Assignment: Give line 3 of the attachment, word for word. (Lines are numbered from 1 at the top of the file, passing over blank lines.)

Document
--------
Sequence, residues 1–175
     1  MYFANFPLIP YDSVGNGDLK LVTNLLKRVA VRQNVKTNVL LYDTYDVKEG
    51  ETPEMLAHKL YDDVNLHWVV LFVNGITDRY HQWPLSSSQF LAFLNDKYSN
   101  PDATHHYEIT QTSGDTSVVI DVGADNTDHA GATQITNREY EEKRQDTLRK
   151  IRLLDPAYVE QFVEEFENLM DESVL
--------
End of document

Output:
    51  ETPEMLAHKL YDDVNLHWVV LFVNGITDRY HQWPLSSSQF LAFLNDKYSN